Many CSR tactics produce tangible benefits during a crisis. They can increase customer loyalty and improve your brand reputation immensely.
4. Share your results
It’s critical that you share the results of your social responsibility efforts in a tasteful and appropriate manner. If you were able to raise funds with the help from your employees and customers, let people know where the money went. Send an email. Blast it on social media. Focus on the cause/issue and the efforts to solve it, not your company or brand.
Avoid publishing a press release or using this as a promotional opportunity. Instead, thank everyone involved and remind them of the importance of making a difference, especially in times of crisis.
5. Do discuss your product in the right context
Let’s use Insightly’s unified customer relationship management (CRM) solution, which includes built-in marketing automation (MA), as an example. The Insightly team uses the system to align sales and marketing teams and manage outreach and projects at every customer touchpoint without losing momentum or slowing down operations during a crisis. The Insightly team also continues to reach out to their customers with tips to help them leverage their own Insightly CRM instance and minimize the impact on their organizations. What unique features or benefits do your products and services offer customers that could help them right now?
You can also publish how-to articles and guides on using your products to navigate through a crisis. Maybe it’s about managing remote work. Or, how to use the slow time to prepare business for the crisis aftermath. Even if your products/services don’t fall into the most relevant category, engage your customers with original or curated content that will be of use to them.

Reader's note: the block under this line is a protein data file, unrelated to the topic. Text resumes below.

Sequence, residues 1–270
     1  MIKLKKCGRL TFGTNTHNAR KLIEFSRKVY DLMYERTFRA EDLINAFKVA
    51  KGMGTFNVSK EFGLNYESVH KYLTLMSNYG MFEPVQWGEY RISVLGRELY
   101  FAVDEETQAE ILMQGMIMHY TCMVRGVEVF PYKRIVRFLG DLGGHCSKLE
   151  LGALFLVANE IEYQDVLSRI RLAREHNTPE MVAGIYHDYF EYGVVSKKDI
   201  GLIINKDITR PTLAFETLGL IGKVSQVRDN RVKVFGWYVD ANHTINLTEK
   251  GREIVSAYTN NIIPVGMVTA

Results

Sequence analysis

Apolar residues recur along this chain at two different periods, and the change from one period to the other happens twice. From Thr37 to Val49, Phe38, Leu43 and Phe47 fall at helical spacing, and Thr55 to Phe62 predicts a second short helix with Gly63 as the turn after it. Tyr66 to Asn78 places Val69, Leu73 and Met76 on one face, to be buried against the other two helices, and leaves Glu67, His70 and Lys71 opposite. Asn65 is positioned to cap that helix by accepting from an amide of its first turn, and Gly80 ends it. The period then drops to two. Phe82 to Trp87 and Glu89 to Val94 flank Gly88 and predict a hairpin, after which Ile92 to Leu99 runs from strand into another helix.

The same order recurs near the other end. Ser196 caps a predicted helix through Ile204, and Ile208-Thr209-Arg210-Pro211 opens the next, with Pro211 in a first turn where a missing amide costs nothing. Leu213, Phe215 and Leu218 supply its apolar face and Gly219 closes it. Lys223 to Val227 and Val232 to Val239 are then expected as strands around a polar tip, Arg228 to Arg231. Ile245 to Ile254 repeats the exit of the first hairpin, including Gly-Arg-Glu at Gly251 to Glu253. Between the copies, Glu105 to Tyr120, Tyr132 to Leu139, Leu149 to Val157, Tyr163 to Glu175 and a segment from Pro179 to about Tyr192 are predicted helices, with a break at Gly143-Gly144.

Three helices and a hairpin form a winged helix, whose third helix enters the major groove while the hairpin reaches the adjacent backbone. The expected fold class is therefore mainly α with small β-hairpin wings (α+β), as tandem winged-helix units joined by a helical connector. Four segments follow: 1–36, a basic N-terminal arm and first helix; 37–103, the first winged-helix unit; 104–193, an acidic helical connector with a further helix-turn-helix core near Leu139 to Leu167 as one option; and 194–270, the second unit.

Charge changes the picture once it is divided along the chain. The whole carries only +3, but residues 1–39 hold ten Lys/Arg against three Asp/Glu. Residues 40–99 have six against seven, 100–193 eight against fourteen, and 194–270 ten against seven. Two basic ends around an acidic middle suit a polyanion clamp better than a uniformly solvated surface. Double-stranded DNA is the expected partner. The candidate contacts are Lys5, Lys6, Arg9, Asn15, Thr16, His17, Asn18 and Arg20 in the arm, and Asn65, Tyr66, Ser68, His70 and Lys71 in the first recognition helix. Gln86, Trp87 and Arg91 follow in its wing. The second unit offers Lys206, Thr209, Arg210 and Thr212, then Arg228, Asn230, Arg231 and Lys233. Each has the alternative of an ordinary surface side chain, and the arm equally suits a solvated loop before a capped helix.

Don’t focus on selling, but rather educate, support, and help your customers’ businesses to survive the downturn and figure out their next steps.
6. Stay positive
Optimism is important. It helps us to get through tough times and stay hopeful. Find and share stories of human perseverance, creativity, and innovation in times of crisis. If you have customers who are making a difference in some way—tell their stories. Crisis is a temporary situation. Staying positive not only helps to weather the storm, but also to prepare for what’s next.
7. Don’t let routine administrative processes fall through the cracks
Even in crisis mode, you must still maintain a clean marketing database with up-to-date customer data.
It’s purely coincidental that this is the last point on the list. Clean and up-to-date customer data is a particularly important and essential aspect of keeping the lights on at any time. Be sure to continue to execute daily administrative tasks that you’re responsible for and encourage your team to do the same.
If you take away one lesson from this article, it should be to practice empathy while marketing through a crisis. Everyone is experiencing and reacting to the situation in their own way. Put the hard sell aside for now.
During a crisis your marketing strategy should focus on relationship building, brand reputation management, and customer retention.
Marketing through a crisis is tough. But if you’re an adaptable marketer and put a few pieces of advice from this article into action, you’ll come out on top in the long run. Remember, the darkest hour is just before dawn.
Explore more best practices and stories on the Insightly Blog.
*Foreclosures up a record 81% in 2008, CNN Money, 2009
**The Stock Market Crash of 2008, The Balance, 2020